Campaign reform foes put on quite a show


WASHINGTON -- For sheer hypocrisy, there's seldom been anything to match the display put on by the House foes of campaign finance reform in their failed effort to keep unregulated "soft money" flowing into the federal election system.

House Majority Leader Dick Armey, who has spent years trying to kill all efforts to shut off the spigot or even reduce its flow, proposed with a straight face ending all soft money immediately, in a transparent effort to shake loose members facing tough re-election fights in November.

The move came on the heels of an overnight decision by the House reform leaders, Republican Christopher Shays of Connecticut and Democrat Marty Meehan of Massachusetts, to change the effective date to the day after this November's elections -- to keep those same members aboard.

Mr. Armey was joined by House Majority Whip Tom DeLay, the real ringleader of the opposition. Arguing that the Shays-Meehan bill would imperil the free speech of voters and cripple the parties, he pleaded, "Don't gag America." Democratic Rep. Barney Frank, the liberal the Republicans most love to hate, observed that overnight "the First Amendment and freedom of speech have gained defenders they never had before."

Mr. DeLay, directing traffic for the opposition, called to the microphone in the well of the House fellow Republicans equally determined to kill the modest yet most significant campaign finance reform in a generation.

But countering that display, Mr. Shays yielded time to some of the 41 Republicans who bucked the GOP leadership to speak for the bill.

One foe dusted off the argument that the bill, by shutting off soft money, was nothing more than "an incumbent protection act" that would make it harder for challengers to compete.

Mr. Meehan rose and noted that in the last two elections, with soft money flowing, 98 percent of incumbents seeking re-election had kept their seats.

Some of the amendments designed to force a disruptive House-Senate conference were so blatant as to be laughable.

The bill would prohibit "issue advocacy ads" in the 30 days before a primary and 60 days before a general election, but the gun lobby, headed by the National Rifle Association, sought an exception. It tried to rally all of the congressmen who have received its booty by pushing an amendment to free gun-rights ads from the prohibition.

At that, it failed by only 10 votes.

Perhaps the best argument thrown into the pot by the opponents was their contention that an 11th-hour change would permit candidates to use soft money until the end of this year to "retire outstanding debts" from this fall's election. They argued that the provision would enable the Democrats, who have raised much more soft money than regulated "hard money," to use the former to pay off hard-money spending bills.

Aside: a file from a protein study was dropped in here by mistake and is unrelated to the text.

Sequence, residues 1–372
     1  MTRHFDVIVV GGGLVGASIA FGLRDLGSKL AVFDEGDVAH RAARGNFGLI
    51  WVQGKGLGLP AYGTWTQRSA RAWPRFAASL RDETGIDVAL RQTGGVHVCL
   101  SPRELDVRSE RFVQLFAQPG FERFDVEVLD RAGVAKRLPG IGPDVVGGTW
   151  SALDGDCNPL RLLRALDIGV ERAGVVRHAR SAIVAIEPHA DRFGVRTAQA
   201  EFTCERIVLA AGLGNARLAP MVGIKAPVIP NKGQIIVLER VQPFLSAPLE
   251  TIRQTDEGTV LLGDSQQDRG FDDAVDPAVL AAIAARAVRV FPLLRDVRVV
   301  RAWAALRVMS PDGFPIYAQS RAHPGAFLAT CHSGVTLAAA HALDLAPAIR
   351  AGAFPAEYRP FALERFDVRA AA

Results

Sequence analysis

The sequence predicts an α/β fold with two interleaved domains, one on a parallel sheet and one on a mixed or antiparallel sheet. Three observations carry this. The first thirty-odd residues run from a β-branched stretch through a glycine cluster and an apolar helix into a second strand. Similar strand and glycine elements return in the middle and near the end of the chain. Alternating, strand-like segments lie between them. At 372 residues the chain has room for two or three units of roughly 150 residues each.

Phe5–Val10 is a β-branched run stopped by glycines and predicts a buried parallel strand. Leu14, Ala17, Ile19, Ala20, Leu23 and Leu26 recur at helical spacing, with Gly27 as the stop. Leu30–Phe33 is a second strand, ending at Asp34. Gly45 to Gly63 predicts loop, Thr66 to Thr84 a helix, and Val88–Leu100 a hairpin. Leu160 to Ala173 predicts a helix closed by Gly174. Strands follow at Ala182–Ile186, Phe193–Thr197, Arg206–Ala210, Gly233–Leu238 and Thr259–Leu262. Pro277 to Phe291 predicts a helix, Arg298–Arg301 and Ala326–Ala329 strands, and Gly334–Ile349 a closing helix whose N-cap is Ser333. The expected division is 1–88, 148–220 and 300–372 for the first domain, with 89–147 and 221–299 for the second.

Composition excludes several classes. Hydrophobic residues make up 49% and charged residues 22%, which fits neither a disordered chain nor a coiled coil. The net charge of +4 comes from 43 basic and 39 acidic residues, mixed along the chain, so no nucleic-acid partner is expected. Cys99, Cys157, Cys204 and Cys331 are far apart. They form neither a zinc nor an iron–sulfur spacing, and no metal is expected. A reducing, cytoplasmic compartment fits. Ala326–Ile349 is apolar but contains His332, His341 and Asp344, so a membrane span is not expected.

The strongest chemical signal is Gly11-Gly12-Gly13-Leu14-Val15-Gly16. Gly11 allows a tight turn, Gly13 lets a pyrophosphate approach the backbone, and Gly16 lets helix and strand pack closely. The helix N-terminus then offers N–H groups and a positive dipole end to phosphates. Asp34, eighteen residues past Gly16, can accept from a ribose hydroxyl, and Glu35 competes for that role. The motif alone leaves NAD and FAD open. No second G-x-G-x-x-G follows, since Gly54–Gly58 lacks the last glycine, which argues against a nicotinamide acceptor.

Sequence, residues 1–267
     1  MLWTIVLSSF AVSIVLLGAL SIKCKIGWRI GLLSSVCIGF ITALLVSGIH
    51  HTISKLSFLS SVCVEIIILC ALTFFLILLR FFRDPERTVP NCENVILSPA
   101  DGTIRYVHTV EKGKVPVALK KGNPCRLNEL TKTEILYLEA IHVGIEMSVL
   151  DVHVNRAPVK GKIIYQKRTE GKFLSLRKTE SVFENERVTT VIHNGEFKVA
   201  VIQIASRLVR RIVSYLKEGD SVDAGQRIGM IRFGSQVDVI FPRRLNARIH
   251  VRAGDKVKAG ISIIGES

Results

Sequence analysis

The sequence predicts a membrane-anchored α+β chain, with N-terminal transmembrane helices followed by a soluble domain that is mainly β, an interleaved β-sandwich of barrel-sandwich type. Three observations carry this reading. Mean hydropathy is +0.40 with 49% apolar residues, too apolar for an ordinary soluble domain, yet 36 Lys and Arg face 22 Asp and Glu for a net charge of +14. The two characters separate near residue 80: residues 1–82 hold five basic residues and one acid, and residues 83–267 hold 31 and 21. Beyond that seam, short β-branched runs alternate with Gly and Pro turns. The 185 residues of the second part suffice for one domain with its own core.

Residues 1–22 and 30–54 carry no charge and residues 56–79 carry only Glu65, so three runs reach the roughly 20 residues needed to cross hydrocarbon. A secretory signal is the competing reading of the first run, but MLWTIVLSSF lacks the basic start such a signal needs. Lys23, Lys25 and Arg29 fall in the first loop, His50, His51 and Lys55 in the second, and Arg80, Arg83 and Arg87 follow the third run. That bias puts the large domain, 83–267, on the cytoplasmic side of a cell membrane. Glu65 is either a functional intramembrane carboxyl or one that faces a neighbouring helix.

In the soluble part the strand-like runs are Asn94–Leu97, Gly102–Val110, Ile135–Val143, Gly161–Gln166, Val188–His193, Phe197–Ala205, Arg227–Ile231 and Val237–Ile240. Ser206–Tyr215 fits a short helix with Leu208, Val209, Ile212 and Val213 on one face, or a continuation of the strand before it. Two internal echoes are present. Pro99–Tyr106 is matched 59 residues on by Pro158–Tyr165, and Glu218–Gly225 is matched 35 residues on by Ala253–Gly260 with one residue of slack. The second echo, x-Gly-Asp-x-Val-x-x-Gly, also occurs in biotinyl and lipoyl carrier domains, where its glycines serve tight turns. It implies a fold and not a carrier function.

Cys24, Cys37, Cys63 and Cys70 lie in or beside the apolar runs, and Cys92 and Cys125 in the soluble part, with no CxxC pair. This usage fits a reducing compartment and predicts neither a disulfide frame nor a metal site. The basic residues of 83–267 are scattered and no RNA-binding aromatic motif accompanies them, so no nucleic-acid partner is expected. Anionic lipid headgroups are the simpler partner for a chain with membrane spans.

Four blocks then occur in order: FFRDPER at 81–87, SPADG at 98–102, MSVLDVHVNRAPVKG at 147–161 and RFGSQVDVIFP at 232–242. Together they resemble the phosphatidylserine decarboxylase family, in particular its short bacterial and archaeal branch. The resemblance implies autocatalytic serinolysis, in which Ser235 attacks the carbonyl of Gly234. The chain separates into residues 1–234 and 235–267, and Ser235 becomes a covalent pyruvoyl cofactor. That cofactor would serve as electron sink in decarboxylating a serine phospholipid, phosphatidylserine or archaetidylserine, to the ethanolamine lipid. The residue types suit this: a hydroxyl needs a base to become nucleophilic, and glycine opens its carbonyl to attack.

The Democrats disputed that view, but the White House seized on it to express concern, without saying the president would veto the bill if it came to him. To the last, President Bush ducked the question, the macho leadership he has displayed in the war on terrorism conspicuously missing in action.

The stench of the Enron scandal hung over the debate. But in case the Republicans were unable to detect it, several Democrats helpfully pointed out to them that because of the energy-trading giant's contributions to both parties there was, as Mr. Meehan put it, "a cloud hanging over this Capitol and the White House."

But Mr. Armey, for himself and his brethren, was having none of it. He stoutly insisted that he had never been influenced or corrupted by soft money "and never will be corrupted, and I do not believe any of my colleagues have been corrupted" by the filthy lucre thrown their way.

To conform the bill with the Senate version by Republican John McCain of Arizona and Democrat Russ Feingold of Wisconsin, the House agreed to double the current $1,000 hard-money limit on individual contributions. But arch-foe Sen. Mitch McConnell, a Kentucky Republican, warned he would try to filibuster the bill to death.

Mr. McCain says it won't work. Sixty votes can stop a filibuster in the Senate, and his bill passed by 59. It will be surprising if the Enron outrage can't shake one more Senate vote loose.

Jules Witcover writes from The Sun's Washington bureau.

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